Its opening day on Aug. 18, 1910, was a citywide holiday, with offices and shops shuttered for the occasion. “Not a crowd, not a throng, not a ‘seething mass of humanity,’” The Birmingham News declared on its front page. “None of these terms will do to describe the great, waving, chattering, elbowing, laughing, striding, stumbling, and pushing bundles of sweltering folks who swarmed out into Rickwood park Thursday afternoon.”

By the end of the decade, Black teams were allowed to play at Rickwood, paving the way for Mays’ future stardom, and Black teams from Birmingham and Montgomery played a doubleheader in September 1919 in front of “the largest crowd that ever wedged itself in the enclosure at Rickwood,” The Birmingham Age-Herald reported.

“This area and this town was, despite all of the history that we know in these Black communities, it was joy, and despite the racism, the Birmingham Black Barons were the toast of the town,” Michael Mays said this week.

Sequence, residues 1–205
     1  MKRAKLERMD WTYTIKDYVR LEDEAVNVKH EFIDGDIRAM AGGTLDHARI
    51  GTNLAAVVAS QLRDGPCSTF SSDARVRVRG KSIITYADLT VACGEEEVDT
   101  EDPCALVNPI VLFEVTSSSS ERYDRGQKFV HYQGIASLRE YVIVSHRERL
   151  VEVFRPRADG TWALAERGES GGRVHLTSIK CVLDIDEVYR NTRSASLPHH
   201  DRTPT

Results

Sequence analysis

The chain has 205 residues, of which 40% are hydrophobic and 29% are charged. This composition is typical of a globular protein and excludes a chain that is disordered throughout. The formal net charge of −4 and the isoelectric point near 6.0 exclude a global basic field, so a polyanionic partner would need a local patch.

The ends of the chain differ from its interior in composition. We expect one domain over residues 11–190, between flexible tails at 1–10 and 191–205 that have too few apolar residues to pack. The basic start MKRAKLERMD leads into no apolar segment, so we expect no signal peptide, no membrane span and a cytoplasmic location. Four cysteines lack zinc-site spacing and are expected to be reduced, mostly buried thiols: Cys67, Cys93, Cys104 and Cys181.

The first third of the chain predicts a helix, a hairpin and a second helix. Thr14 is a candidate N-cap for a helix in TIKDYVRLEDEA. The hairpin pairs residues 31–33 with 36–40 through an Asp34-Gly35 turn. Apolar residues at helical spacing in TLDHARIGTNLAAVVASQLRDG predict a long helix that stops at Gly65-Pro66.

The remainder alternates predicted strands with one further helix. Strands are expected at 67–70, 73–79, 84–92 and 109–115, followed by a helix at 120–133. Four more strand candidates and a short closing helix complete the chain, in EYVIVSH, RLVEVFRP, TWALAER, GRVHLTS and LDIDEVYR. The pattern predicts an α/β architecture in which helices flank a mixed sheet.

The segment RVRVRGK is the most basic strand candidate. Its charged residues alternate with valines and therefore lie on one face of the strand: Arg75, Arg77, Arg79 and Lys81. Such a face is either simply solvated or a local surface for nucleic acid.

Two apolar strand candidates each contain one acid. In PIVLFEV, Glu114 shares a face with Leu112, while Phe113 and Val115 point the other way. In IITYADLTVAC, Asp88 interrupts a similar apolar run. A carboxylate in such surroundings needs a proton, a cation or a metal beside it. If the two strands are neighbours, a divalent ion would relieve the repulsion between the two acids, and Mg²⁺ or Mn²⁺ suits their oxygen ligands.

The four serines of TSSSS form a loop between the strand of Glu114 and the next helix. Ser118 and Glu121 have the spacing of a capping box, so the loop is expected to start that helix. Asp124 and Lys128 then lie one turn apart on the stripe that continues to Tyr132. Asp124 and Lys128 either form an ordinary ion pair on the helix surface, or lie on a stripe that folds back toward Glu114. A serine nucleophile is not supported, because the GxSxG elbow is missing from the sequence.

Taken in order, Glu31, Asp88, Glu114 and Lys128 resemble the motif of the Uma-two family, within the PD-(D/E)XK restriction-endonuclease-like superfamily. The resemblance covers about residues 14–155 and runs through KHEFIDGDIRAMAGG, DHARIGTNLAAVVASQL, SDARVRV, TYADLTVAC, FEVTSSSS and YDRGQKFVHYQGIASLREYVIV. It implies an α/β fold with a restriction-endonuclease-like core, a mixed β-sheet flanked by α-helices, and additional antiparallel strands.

The week of baseball in Birmingham, he said, is an “American celebration,” and his hope is that it will bring more Black fans and more Black players to a game that has seen a steady decline in African American representation.

“It’s a full circle moment,” he said. “It’s a full circle moment for Major League Baseball. It’s a full circle moment for Birmingham. It’s a full circle moment for our families.”

Rickwood Field is often called the oldest professional ballpark in America — opening two years before Fenway Park in Boston — but it is also the oldest big league ballpark. Four years ago MLB elevated the Negro Leagues to major league status as many American institutions began reconsidering their histories after the murder of George Floyd. The league has also begun integrating Negro Leagues statistics into its official record — Willie Mays was recently credited with 10 more hits from his stint with the Black Barons — and the game this week is a further step.

The ranks of veterans of the Negro Leagues are dwindling, and while many believe Major League Baseball’s recognition should have come much earlier, Michael Mays said it was “long overdue but strangely on time.”

A few days ago, Michael Mays reflected on what Birmingham has come to mean to him, through his famous father.

“We all know about the hardship, we all know about the struggle, but the way they marched through it, like it wasn’t nothing, and the joy, just all the happiness that really went on in the community despite the struggle,” he said. “I’m really sensing that, when I can come down here I can feel the core of my dad’s character.”